Have you ever wondered why lots of people spend a whole lot of time in transforming stones into cartoon or animal characters, or decorating pebbles but eventually keep it away from strangers?

Across Greater Manchester, pebble art is making its way, as families continuously find new reasons to make kids visit the park. Some children either replace those pebbles with their initiative, or take them home, or even hide them again so some other people can further enjoy the search.

On Facebook alone, a pebble-painting group based in the UK has gathered over 64,000 members. A lot of surprises await you at the beach: you could see a pebble stone, for instance, having a colorful picture (probably cartoon characters or animals) painted on it. Some even have a kind of uplifting message.

Pebble painting or “rocking” is a newly prevalent craze in the US. It started with The Kindness Rocks Project of Megan Murphy. She conceived the ideas after getting some pieces of sea-smoothed glass and heart-shaped stones from the beach. She perceived them as “rare treasures or signs and messages” from her parents who are deceased. According to her, the discovery made her happy which informed her decision to make other people have a similar experience as well.

It then becomes thriving as an international community of amateur artists continues to decorate rocks and then get them hidden in public places.

Megan Murphy’s Kindness Project

The Facebook group named Love on the Rocks, and based in the UK has garnered over 64,000 members since its establishment over a year ago by Vicki Poledoles Stansfield from Essex. According to her, she suffered from anxiety and sought a quiet hobby which was free and required no skills; and which she could do at 2 am when her mind was racing.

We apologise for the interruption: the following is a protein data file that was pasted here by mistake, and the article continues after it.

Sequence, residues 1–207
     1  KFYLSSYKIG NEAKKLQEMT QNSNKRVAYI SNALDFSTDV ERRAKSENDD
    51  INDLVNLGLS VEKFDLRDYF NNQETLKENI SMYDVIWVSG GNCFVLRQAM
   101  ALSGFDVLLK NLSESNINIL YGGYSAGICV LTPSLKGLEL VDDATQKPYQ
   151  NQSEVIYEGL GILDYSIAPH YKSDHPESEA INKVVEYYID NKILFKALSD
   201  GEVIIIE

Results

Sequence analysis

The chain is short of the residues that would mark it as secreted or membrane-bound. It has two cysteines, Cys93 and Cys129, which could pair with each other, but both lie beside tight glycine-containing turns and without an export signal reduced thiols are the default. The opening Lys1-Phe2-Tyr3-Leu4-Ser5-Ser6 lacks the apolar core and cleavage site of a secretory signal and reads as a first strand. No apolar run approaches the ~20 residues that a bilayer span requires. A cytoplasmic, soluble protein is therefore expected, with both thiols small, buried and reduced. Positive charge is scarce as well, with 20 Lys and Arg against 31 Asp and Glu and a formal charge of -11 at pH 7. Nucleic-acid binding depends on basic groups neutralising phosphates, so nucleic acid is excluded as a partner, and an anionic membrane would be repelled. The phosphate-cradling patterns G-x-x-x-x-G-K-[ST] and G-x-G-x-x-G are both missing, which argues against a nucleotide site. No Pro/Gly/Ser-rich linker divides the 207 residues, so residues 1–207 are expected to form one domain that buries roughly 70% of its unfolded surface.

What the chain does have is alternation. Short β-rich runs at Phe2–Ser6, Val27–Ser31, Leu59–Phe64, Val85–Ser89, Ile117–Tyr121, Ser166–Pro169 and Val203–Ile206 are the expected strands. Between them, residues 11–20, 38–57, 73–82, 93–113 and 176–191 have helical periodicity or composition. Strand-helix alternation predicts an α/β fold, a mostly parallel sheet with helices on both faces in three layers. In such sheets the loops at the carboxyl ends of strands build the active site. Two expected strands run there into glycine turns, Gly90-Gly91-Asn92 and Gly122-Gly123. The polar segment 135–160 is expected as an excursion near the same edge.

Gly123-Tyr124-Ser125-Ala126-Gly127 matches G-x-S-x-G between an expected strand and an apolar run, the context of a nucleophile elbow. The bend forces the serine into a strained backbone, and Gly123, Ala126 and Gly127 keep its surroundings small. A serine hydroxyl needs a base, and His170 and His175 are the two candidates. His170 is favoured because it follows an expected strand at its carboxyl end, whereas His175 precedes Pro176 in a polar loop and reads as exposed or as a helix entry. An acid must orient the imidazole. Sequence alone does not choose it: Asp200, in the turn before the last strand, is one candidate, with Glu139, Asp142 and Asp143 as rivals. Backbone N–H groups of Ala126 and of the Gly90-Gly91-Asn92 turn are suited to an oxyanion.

Another enthusiast is Jacky Burns, a resident of Morecambe. For first-timers, she has some tips which include:

  • Use permanent pens or acrylic paint to decorate a pebble and seal it against the weather. You can use clear varnish or nail polish. Write the name on the back of a dedicated Facebook page.
  • Keep in a secure and public place, and wait for someone to locate it and post a photo on your group, then watch its journey.
  • Re-hide it for someone else to locate it.

There are some rocks that have crossed continents, just like the one discovered in a South London Park by Ian Hines. He eventually left it in Morocco while others spread a message or signal.

Nikki Lunn, from Stockport, also planned a tribute for those that fell victims of the attack at Manchester Arena. Through the permission of the council, she encourages people to leave aside rocks that are painted with the symbolic worker bee. She used the hashtag #lovemcr on 22 May in certain city spots.

Many have been trying to inquire about the particular thing about the movement which has captured the imagination of people; they seek to connect with one another.

 

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